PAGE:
COMMUNITY LIFE CENTERS MAKING A DIFFERENCE Hospice of Washington County (HWC), as part of its ongoing commitment to give back to the community, opened three Community Life Centers in the past three years. Eric Klimes, the organization’s Chief Executive Officer said, “We are interested in continuously improving the services we provide. Opening the Community Life Centers has allowed us to better meet the needs of those who are grieving and provided us with opportunities to establish meaningful relationships with folks, long before they ever need our services.” HWC recognizes that, in times of crisis, when a loved one has limited time, people turn to those they know; those with whom they have built trusting relationships. This knowledge shaped the dual mission of the Community Life Centers: 1) To provide professional counseling to the grieving; and 2) To build meaningful relationships with county residents long before end-of-life services are needed. At the Community Life Centers, professional bereavement specialists offer individual, couple, and family counseling to those who have lost loved ones. In addition, these compassionate and understanding professionals host educational workshops, lead support groups, and facilitate “Timely Topic Discussions.” Programs vary depending on the time of year and on the needs of those seeking support. In addition, through its Community Life Centers, HWC strives to


engage local residents by providing meeting space to individuals, groups, and nonprofits who offer free programs to strengthen the community. From book clubs, to Qigong Classes, to Veteran Support, the programs offered at the Community Life Centers are as varied and unique as those who step forward to share their knowledge, skills, and talents. HWC is privileged to connect with the local residents who attend Community Life Center programs and looks forward to journeying with them through life rather than meeting them for the first time when a loved one is nearing the end of life. The Community Life Centers are located in Hancock at 126 West High Street, in Hagerstown at 20 West Washington Street (3rd floor) and in Boonsboro at 28 North Main Street. Those interested in attending or leading programs should contact Bernadette Wagner, Hospice of Washington County’s Community Outreach Coordinator.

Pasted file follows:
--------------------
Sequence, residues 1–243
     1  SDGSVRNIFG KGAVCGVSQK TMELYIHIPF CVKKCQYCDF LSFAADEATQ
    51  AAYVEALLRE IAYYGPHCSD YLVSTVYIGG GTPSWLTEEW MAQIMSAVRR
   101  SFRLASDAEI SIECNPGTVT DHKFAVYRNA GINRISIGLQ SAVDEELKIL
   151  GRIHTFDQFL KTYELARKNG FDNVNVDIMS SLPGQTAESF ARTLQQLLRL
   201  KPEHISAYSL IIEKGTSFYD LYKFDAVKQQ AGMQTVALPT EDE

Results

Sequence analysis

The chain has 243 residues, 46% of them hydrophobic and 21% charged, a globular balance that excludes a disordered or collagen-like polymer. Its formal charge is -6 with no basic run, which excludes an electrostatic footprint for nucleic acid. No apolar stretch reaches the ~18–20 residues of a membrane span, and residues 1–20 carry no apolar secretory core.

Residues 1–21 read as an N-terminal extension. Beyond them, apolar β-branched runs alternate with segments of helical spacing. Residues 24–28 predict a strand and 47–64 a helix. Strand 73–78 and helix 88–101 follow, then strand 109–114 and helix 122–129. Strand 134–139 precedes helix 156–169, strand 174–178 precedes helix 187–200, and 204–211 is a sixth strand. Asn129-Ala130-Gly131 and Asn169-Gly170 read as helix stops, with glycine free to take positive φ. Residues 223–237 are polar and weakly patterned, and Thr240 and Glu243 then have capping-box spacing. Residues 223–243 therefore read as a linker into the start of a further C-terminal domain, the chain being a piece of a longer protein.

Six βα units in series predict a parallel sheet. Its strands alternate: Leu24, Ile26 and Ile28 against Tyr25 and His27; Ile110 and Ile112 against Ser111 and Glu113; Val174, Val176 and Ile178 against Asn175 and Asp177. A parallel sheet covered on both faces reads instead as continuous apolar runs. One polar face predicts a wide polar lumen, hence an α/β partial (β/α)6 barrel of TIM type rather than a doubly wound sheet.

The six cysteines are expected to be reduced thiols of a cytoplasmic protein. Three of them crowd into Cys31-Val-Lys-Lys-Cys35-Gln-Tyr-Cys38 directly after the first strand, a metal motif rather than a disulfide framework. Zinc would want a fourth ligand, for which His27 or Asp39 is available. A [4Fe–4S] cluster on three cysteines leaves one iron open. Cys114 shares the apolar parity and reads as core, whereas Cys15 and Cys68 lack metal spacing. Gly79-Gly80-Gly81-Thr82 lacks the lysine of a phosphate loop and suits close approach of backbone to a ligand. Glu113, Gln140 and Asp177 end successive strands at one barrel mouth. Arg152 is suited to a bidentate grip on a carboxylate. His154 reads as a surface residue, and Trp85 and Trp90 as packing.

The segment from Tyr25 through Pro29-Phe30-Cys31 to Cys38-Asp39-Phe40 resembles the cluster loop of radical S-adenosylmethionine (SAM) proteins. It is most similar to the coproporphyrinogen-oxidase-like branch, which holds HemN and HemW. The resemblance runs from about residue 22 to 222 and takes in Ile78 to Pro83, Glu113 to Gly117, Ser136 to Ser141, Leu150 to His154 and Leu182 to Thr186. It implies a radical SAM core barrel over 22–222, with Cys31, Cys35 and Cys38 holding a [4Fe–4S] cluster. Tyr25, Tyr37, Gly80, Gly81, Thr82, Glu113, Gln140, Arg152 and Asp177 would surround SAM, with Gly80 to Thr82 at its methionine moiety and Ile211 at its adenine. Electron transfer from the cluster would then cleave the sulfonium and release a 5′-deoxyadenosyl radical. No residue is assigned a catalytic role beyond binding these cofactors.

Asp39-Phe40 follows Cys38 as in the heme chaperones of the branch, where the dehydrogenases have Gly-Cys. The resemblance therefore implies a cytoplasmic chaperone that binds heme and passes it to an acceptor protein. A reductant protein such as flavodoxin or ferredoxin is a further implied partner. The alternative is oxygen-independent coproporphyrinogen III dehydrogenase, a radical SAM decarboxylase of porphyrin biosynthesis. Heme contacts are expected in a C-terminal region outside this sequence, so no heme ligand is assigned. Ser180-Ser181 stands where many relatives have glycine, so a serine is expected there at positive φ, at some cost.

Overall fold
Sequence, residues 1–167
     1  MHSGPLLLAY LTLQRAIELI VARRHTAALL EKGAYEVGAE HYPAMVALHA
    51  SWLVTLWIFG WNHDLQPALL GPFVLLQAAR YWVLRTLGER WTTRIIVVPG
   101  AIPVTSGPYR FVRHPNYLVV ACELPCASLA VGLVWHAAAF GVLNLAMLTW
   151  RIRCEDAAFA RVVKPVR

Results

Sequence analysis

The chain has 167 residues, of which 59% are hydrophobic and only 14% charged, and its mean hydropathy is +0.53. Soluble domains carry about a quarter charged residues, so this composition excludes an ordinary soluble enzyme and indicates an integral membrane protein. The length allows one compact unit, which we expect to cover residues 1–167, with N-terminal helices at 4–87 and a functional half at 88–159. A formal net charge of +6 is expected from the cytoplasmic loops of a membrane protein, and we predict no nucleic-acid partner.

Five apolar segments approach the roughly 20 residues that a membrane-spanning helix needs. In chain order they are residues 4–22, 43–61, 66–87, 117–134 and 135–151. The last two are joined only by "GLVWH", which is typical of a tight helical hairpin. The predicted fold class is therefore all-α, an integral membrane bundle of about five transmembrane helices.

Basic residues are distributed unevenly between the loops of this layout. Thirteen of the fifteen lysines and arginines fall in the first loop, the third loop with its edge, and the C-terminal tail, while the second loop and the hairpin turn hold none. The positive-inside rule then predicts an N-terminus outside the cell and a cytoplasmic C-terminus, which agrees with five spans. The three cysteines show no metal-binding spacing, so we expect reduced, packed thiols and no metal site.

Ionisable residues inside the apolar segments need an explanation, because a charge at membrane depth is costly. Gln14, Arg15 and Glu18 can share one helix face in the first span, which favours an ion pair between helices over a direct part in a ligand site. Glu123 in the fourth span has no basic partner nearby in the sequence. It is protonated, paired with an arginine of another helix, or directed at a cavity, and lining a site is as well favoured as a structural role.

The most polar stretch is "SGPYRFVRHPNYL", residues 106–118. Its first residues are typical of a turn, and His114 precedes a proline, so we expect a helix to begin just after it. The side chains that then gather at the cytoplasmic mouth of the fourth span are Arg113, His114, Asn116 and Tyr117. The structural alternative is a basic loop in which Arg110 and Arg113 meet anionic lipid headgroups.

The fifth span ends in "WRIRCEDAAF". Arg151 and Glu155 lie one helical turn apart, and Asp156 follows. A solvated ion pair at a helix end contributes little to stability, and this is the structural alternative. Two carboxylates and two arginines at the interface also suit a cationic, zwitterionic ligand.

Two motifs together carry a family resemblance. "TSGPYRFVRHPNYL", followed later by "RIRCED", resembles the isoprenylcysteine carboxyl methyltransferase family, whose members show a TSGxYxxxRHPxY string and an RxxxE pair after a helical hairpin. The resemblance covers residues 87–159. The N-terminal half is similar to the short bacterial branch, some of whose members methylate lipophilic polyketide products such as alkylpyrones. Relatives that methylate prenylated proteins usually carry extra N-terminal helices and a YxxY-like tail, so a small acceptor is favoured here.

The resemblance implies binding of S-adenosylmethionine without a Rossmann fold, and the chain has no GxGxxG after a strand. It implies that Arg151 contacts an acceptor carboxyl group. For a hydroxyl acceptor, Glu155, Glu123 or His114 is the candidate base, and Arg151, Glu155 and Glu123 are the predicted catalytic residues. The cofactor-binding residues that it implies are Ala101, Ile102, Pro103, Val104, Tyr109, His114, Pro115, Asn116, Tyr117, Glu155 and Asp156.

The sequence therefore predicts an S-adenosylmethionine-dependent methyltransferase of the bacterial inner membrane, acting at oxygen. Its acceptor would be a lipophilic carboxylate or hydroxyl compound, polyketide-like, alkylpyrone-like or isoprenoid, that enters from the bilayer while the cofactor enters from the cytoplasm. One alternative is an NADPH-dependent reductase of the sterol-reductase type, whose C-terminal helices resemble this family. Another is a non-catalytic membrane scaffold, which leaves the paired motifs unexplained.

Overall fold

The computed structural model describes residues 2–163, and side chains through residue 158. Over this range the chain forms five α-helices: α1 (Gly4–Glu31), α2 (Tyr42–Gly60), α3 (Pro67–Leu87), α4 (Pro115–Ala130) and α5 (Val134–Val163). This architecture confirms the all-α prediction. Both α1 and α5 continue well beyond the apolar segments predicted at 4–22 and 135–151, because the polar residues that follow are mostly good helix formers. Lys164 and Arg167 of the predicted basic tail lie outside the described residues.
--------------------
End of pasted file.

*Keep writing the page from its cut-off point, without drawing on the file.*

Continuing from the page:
Hancock Community Life Center

Hagerstown Community Life Center

Boonsboro Community Life Center

126 W. High Street, 2nd Floor Hancock, MD 21750

20 W. Washington Street, 3rd Floor Hagerstown, MD 21740

28 N. Main Street Boonsboro, MD 21713


TEST YOUR HOSPICE KNOWLEDGE! Hospice is only for cancer patients or the very old.


Currently only 20% of our patients have a cancer diagnosis. We treat patients of all ages with any disease if they have a life expectancy of six months or less. Hospice of Washington County (HWC) is currently treating patients with heart, liver, lung and kidney disease; stroke or coma; dementia or Alzheimer’s; Parkinson’s; cancer; HIV and AIDS; and many other diagnoses.